Project a dense part of and on .

Generate an unbounded amount of information for typical points in in the limit.
Proof: The formula for a polynomial translation is:
Take . Consider a typical point in figure 10. We may assume that the numbers and are typical (i.e. incompressible and thus is inompressible too. Remember that the Cantor function runs over the counter diagonal which makes the line an isoinformation line.

Discard and expand information on the line unboundedly:

Discard information: Horizontally point will be shifted to location and to . The cantor index for point is .

Expand information: The cells from to
will be “padded” in the strip between
and . But this operation “steals” a number of cells from the domain above the line . Now take a typical point on location . such that . This point will land at somewhere between and , which gives:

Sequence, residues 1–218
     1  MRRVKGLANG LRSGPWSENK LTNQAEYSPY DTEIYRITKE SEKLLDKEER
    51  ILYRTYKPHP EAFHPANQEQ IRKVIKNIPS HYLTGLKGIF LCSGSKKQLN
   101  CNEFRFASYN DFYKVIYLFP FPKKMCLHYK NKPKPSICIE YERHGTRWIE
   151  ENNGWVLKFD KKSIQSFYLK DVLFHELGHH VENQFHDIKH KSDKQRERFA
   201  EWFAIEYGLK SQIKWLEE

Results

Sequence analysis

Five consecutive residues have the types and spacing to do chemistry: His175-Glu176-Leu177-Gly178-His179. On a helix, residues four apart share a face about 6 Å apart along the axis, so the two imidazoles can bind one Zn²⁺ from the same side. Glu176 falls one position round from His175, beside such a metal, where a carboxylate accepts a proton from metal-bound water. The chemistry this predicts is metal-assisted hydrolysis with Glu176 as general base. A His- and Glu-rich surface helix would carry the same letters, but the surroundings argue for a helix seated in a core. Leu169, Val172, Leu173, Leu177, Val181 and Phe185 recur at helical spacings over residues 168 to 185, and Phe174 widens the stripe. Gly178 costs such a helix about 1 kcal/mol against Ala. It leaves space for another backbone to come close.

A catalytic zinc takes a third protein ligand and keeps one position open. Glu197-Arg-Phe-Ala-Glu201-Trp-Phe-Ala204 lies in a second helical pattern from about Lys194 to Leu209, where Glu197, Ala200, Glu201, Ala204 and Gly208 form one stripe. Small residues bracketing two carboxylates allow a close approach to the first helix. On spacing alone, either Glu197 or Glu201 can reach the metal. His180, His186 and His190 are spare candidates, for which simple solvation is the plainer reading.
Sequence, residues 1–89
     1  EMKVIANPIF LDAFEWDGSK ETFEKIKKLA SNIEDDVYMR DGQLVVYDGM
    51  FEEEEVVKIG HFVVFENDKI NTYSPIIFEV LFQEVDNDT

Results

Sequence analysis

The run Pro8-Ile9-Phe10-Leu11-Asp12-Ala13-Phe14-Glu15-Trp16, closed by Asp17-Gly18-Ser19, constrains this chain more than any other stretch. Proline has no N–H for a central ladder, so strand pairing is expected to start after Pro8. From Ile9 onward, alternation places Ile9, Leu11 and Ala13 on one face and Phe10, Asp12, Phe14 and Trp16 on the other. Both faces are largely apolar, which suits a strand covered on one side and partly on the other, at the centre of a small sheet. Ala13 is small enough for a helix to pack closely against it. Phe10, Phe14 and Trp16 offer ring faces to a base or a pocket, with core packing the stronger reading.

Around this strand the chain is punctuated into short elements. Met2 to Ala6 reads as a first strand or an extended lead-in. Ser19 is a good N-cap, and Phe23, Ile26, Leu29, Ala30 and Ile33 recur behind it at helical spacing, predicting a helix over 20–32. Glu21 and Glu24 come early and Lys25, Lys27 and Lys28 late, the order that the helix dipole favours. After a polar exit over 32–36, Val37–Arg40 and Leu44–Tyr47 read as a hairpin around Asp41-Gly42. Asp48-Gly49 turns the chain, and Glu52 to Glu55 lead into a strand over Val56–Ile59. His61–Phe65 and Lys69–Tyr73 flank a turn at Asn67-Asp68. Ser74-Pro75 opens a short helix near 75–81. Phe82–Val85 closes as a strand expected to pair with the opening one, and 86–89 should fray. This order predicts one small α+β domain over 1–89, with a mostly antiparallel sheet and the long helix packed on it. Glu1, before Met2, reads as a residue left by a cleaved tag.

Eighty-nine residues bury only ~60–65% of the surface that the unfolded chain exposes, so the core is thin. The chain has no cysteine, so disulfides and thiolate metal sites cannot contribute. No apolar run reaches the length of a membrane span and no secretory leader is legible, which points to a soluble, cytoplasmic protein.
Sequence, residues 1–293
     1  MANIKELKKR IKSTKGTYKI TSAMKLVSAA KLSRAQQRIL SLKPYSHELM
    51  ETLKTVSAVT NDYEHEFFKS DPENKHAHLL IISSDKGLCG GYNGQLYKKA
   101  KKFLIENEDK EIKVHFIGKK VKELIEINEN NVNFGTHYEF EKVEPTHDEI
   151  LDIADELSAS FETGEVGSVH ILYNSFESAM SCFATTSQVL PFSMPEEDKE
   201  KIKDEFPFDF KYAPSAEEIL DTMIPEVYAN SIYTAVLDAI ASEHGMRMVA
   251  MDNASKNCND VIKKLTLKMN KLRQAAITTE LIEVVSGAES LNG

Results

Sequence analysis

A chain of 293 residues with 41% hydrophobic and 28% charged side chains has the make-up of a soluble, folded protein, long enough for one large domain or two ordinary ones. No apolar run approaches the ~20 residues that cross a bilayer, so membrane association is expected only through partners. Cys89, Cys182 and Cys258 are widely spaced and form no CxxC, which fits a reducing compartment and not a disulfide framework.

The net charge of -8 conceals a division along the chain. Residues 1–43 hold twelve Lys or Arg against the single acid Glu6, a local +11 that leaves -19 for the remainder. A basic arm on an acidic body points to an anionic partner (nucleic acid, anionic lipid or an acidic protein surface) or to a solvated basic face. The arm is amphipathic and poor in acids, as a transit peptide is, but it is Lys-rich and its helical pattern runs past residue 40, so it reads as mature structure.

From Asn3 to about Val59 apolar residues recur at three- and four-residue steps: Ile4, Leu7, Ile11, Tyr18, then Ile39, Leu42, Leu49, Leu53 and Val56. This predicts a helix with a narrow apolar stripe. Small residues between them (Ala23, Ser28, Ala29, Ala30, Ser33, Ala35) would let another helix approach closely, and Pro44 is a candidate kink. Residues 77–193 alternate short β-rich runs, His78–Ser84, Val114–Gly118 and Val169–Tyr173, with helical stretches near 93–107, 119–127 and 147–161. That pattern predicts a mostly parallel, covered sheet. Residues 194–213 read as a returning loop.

Note that the effects are dependent on and , so they are unbounded in the limit. Alternatively observe the fact that polynomial transformations are superelastic and apply equation 16.


Project a dense part of and on : For every point all the cells to up to the line will end up on line . since all points in this dense region are projected on the line most points are incompressible.

Generate an unbounded amount of information for typical points in in the limit. Take a typical point such that :
(18) which gives .
This argument can easily be generalized to other values of and .
Polynomial shifts generate information above the asymptotic sensitivity level of Kolmogorov complexity. Note that is still a computable bijection:
This analysis holds for all values including the values that are typical, i.e. incompressible.
Observation 6
An immediate consequence is the translation must be interpreted as a function scheme, that produces a countable set of new functions. One for each column . Actually can be seen as an index of the function that is used to compute .